Happy birthday to Ron Darling, who turns 50 today.
Darling was the Rangers' first round pick in 1981, a right handed pitcher out of Yale University who is most famous in Ranger history for being part of one of the worst trades the Rangers ever made.
On April 1, 1982, less than a year after Darling was drafted, he was dealt, along with Walt Terrell, for New York Mets outfielder Lee Mazzilli. That deal, by then g.m. Eddie Robinson, reportedly prompted a mutiny in the scouting department and some resignations from folks angry that the team's two best pitching prospects had just been given away.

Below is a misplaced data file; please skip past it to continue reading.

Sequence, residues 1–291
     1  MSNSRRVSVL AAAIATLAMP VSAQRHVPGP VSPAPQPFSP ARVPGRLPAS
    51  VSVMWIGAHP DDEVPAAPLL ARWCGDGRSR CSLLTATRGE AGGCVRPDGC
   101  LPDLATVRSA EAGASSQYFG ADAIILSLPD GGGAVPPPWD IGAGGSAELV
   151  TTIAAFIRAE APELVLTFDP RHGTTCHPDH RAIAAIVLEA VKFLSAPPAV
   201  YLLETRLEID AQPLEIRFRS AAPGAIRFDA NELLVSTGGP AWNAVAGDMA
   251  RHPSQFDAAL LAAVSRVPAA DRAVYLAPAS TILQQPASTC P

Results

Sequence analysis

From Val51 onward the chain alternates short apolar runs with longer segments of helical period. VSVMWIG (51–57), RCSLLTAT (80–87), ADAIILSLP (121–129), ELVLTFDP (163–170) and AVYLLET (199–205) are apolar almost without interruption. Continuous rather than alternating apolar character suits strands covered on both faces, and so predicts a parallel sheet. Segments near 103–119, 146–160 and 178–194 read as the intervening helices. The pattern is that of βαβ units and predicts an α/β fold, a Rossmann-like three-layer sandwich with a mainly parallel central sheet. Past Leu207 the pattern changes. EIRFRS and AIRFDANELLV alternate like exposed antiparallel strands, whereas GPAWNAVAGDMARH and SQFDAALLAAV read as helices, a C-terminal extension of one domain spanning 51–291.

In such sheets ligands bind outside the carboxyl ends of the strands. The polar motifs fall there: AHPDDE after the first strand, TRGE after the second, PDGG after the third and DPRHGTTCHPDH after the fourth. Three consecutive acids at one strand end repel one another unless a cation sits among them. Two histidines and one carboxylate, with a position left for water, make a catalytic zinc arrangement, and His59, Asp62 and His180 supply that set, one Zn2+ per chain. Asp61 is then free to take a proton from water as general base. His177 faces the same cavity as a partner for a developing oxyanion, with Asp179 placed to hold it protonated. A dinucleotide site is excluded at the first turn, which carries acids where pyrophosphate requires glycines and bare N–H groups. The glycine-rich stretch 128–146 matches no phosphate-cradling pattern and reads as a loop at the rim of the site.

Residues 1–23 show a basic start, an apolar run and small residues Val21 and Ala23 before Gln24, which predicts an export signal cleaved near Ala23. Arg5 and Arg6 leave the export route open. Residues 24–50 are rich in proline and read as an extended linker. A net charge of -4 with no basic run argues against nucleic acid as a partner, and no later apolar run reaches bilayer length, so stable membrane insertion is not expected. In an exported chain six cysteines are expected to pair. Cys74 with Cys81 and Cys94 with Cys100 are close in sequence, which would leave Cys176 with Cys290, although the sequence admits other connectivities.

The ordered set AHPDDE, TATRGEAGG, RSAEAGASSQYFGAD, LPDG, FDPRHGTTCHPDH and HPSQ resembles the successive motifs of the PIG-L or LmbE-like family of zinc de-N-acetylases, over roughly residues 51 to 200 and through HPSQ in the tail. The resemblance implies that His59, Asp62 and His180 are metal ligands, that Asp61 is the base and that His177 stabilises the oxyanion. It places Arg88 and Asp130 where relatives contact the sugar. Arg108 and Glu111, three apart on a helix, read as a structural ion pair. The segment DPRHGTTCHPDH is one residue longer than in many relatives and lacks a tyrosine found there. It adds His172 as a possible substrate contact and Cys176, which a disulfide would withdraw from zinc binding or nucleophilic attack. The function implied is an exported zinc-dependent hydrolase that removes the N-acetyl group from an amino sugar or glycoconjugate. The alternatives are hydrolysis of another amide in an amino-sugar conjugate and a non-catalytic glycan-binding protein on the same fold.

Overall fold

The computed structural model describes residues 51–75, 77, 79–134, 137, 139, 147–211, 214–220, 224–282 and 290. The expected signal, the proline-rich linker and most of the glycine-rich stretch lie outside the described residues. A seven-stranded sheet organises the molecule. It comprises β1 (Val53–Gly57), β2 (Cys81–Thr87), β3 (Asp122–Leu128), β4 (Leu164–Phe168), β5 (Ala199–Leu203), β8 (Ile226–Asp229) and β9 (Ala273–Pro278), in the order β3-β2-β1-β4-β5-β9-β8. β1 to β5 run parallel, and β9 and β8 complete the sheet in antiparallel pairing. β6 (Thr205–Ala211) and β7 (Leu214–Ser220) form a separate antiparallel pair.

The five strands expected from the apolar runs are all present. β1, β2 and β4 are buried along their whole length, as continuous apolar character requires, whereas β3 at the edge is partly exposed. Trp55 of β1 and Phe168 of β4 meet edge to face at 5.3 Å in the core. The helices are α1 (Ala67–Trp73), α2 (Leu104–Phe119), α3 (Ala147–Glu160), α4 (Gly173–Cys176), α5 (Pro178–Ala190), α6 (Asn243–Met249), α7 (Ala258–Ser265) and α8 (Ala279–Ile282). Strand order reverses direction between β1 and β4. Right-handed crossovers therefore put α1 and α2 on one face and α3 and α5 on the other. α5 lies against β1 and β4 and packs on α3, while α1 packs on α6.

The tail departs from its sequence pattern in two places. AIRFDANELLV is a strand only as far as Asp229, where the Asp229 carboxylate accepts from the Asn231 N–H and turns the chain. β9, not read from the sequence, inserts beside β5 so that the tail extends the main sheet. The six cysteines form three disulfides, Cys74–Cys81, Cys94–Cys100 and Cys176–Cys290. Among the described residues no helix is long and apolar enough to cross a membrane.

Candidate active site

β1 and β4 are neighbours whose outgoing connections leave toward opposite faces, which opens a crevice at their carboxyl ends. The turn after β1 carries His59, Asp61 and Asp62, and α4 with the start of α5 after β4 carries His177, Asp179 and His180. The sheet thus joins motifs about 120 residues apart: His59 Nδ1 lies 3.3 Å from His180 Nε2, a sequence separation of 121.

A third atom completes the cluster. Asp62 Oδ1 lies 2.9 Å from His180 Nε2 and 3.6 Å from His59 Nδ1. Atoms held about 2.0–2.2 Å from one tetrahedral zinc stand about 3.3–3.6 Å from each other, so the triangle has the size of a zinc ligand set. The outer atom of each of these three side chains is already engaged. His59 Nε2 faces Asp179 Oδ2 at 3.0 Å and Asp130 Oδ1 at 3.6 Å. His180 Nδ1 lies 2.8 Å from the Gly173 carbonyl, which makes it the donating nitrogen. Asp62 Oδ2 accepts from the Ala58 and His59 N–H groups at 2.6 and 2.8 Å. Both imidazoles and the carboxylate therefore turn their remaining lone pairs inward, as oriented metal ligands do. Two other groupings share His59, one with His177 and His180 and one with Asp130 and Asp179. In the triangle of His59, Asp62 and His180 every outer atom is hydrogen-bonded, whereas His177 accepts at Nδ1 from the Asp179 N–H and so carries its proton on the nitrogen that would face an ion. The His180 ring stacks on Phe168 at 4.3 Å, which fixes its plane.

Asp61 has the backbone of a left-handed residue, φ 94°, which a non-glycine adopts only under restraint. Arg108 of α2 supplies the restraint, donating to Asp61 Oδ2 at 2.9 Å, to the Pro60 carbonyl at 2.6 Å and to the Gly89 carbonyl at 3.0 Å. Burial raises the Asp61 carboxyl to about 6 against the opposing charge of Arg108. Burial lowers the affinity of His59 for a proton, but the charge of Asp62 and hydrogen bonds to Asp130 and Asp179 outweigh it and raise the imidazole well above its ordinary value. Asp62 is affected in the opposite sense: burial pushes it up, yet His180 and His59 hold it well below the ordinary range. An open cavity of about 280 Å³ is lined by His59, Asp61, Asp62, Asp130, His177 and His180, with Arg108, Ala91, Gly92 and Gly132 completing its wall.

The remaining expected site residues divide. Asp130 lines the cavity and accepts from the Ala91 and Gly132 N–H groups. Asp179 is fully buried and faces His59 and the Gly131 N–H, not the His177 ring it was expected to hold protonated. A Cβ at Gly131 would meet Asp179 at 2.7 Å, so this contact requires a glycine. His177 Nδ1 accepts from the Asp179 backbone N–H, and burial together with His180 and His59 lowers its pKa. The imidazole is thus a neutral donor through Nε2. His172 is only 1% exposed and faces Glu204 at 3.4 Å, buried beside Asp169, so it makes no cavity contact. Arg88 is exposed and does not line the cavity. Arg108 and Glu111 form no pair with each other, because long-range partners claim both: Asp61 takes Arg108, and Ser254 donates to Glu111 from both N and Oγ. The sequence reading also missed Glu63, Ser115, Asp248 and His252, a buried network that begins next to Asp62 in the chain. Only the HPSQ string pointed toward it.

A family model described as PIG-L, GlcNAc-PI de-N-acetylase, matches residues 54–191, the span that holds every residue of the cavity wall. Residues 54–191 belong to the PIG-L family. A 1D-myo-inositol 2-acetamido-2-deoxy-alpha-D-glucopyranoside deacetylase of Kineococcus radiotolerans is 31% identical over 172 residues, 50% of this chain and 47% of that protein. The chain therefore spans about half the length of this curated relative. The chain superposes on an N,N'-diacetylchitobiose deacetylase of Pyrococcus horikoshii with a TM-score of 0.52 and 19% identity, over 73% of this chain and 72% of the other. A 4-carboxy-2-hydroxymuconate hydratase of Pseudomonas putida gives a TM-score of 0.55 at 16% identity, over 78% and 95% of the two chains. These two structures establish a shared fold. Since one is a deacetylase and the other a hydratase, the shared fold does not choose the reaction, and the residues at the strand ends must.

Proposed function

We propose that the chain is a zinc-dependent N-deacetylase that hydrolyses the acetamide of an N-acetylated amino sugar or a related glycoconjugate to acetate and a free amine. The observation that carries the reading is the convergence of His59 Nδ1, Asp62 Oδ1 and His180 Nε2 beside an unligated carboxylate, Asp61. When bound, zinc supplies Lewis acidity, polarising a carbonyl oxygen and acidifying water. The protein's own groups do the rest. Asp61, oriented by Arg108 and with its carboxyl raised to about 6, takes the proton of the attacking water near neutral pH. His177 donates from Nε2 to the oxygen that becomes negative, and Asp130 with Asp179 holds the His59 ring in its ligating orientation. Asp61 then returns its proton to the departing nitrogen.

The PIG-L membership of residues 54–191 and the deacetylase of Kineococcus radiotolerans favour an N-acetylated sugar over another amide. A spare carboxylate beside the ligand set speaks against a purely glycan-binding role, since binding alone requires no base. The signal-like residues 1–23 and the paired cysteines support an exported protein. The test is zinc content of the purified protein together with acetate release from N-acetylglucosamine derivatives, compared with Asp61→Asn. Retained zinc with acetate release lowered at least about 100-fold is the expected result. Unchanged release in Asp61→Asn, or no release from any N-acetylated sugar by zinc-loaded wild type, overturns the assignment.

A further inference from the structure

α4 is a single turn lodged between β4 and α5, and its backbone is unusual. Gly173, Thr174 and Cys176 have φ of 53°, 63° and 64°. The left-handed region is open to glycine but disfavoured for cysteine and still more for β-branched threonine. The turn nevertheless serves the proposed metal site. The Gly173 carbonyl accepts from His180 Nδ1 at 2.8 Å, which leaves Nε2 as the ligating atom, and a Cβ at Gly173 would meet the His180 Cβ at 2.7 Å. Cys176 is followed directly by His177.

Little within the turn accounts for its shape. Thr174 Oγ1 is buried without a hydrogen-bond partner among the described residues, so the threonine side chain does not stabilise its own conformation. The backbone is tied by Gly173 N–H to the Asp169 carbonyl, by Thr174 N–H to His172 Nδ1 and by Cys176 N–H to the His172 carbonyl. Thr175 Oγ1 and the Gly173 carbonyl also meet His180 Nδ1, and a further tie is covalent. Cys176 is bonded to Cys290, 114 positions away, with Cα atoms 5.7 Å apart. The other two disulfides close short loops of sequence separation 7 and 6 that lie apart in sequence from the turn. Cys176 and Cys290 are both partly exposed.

Mazzilli, a native New Yorker, was unhappy about leaving the Mets, unhappy about coming to Texas, and really unhappy upon learning that he was going to play left field instead of center field, pronouncing left field to be an "idiot's position." Before 1982 was over, the Rangers sent him to the Yankees for Bucky Dent, and spent the next few years bemoaning their lack of young pitching.
Darling, meanwhile, was a key cog in the Mets' great late-80s teams, although early overuse seems to have hampered his career overall. Darling ended his career with an ERA+ of 95, and only had a full season ERA+ over 100 three times.
Still, he was a very talented pitcher who gave the Mets a lot of quality innings, and he forever will be one of the poster children for the ineptitude of the early Ranger regimes.